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U.S. demand for refractories is projected to grow 3.3% per year to $2.6 billion in 2016, according to a new study from The Freedonia Group Inc. Output of steel in the U.S. will grow following a period of decline, driving demand for refractories. Gains will also come as nonresidential fixed investment spending returns to strong growth through 2016, prompting a resurgence in the manufacture of goods such as ceramics and glass.
In 2011, sales of refractories to iron and steel manufacturers totaled $990 million, making up 45% of all refractory sales. Following a decline in steel output caused by the most recent recession, steel manufacturing in the U.S.—and associated refractory demand—is expected to rise through 2016. A shift in consumption toward higher priced, advanced refractories will bolster sales value. However, the development of longer lasting, more durable refractories is predicted to limit demand going forward. Most materials manufacturing industries have reduced their per-production-unit consumption of refractories by using these newer, more durable products and improved processes.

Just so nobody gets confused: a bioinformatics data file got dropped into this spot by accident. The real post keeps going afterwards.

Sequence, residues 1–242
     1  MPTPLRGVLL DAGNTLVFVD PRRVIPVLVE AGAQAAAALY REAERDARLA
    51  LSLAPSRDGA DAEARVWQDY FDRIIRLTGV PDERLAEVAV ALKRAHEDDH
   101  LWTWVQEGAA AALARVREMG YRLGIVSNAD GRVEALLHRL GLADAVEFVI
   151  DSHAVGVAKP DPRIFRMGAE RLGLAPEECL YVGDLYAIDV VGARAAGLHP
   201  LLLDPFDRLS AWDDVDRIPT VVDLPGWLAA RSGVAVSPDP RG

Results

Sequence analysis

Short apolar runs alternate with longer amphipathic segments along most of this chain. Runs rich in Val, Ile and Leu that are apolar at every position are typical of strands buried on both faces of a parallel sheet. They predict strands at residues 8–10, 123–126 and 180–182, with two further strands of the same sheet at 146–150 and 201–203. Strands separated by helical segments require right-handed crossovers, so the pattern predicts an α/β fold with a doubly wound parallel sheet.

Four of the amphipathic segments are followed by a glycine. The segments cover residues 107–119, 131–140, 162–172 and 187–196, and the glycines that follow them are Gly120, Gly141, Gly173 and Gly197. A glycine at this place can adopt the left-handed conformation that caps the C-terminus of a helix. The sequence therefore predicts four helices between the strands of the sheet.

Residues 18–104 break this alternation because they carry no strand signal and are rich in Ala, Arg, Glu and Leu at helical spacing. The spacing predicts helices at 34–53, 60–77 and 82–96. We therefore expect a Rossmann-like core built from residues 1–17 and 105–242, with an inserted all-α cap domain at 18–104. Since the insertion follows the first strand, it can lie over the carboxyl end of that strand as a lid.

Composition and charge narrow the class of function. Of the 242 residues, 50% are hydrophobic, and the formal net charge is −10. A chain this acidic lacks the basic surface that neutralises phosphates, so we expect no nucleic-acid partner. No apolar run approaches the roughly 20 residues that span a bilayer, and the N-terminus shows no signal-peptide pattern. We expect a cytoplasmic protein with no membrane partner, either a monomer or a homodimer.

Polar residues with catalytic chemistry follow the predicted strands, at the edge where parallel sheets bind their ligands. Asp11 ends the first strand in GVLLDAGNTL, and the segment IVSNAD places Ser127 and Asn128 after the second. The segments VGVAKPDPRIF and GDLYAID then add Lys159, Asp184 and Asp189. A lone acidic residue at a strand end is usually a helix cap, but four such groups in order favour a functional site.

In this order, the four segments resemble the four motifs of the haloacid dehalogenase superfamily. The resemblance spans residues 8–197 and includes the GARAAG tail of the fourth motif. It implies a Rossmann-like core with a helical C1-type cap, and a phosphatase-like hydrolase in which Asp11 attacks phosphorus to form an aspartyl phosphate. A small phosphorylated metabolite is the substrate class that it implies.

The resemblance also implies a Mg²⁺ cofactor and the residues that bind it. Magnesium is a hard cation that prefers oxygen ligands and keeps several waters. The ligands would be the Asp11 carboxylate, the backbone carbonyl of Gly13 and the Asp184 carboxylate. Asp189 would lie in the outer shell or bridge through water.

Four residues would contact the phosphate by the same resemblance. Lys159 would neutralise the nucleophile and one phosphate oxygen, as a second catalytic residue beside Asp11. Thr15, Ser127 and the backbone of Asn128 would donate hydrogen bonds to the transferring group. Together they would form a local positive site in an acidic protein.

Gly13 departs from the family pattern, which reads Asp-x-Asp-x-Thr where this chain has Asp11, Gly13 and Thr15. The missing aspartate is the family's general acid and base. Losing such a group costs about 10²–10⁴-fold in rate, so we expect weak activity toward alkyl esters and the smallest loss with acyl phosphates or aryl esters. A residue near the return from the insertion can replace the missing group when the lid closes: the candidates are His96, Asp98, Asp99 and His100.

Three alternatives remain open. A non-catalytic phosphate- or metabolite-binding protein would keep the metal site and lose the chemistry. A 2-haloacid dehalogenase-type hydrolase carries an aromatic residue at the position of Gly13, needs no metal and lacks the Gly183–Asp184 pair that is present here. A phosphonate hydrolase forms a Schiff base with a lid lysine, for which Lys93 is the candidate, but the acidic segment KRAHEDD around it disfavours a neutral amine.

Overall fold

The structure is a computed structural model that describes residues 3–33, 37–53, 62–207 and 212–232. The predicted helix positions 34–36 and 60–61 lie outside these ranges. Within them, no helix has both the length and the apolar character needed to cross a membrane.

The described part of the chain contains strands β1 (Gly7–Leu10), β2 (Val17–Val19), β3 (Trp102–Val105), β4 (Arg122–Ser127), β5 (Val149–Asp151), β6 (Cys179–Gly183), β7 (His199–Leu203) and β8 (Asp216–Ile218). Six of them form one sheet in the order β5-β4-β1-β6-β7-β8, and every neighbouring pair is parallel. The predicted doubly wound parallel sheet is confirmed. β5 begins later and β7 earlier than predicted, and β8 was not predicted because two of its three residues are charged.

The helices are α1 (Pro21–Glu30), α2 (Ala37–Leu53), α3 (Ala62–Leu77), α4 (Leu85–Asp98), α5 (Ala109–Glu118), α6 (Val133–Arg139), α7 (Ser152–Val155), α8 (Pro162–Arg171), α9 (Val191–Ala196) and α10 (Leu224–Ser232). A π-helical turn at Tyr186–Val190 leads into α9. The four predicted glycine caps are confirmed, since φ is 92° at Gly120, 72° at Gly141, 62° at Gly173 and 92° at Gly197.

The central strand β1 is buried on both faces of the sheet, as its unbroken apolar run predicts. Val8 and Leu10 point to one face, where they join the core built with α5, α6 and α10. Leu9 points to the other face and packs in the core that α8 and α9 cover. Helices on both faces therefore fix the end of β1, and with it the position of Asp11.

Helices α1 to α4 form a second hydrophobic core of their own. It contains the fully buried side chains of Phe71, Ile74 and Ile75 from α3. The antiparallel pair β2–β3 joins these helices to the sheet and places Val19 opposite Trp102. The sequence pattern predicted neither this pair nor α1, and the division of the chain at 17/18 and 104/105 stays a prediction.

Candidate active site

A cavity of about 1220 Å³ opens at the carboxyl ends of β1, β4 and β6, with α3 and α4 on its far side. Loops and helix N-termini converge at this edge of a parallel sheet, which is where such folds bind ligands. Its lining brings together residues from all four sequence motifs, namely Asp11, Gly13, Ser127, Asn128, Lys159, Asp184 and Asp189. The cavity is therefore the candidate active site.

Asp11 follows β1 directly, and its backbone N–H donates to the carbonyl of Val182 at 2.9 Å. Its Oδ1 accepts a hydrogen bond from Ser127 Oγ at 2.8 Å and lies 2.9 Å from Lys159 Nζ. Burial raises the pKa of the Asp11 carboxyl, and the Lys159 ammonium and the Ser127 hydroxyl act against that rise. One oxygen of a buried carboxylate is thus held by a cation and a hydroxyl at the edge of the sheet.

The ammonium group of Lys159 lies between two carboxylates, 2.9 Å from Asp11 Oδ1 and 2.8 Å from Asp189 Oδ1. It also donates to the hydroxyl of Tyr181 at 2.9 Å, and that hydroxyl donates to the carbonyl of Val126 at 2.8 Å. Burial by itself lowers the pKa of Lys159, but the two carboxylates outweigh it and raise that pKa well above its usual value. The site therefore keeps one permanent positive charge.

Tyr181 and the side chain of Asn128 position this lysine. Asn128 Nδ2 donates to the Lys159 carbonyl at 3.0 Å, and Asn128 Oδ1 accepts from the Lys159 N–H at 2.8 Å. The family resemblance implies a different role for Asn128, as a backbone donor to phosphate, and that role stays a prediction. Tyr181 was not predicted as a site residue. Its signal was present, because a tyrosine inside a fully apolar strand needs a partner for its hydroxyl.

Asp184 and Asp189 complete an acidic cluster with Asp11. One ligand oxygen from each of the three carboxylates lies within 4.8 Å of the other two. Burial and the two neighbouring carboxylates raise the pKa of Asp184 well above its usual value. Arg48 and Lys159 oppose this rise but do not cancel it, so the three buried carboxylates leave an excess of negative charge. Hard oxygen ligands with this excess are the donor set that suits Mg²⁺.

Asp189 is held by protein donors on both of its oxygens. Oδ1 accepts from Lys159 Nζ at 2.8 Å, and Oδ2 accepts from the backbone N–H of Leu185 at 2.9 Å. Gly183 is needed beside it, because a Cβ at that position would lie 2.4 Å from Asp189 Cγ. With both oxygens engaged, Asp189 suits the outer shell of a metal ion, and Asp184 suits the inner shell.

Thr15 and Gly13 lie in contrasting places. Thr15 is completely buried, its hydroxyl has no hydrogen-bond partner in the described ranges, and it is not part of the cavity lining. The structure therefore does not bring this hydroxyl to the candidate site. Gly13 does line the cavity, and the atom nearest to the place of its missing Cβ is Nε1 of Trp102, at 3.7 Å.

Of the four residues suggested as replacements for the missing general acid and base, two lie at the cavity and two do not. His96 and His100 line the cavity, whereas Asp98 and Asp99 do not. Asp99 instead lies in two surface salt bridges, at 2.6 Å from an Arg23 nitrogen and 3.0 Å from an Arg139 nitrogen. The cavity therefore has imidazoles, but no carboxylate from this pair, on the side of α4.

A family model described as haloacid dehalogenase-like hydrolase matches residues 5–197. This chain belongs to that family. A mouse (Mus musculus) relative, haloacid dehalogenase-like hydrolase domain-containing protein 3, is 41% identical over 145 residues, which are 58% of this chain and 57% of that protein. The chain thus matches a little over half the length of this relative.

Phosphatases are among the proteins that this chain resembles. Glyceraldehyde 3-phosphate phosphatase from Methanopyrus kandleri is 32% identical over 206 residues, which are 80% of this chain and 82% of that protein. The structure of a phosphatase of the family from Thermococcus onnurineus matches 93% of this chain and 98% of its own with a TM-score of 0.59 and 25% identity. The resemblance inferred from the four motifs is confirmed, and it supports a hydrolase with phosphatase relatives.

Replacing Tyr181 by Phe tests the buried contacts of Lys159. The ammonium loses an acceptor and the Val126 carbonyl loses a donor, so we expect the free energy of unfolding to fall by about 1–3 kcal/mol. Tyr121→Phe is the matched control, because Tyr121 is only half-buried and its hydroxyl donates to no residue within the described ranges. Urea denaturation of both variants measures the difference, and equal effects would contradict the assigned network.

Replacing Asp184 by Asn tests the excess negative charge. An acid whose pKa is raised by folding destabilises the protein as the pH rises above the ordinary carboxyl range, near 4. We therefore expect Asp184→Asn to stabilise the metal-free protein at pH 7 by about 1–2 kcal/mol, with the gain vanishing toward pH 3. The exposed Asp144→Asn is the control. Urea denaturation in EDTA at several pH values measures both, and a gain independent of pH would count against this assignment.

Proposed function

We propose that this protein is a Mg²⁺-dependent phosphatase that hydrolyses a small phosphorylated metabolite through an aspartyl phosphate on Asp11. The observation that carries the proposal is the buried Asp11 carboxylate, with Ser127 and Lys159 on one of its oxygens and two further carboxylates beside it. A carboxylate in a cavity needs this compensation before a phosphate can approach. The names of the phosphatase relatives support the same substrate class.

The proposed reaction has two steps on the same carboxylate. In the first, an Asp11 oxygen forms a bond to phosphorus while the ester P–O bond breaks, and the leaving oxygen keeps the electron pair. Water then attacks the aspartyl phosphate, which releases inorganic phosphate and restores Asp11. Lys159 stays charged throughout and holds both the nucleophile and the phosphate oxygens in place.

The fastest gains of any market in dollar terms will reportedly be posted by nonmetallic minerals. This market includes ceramics, glass and cement producers. Output from these industries will rebound as the U.S. economy continues to grow, fueling related refractory demand. Further growth will come from nonmanufacturing markets for refractories, such as waste-to-energy plants, traditional power plants, and commercial ovens, although these are all fairly small markets. The largest sales volume increases will likely be in the engineering contractors market, which will rise more than 50,000 tons between 2011 and 2016, recovering from declines posted during the 2006-2011 period.
For additional information, visit www.freedoniagroup.com.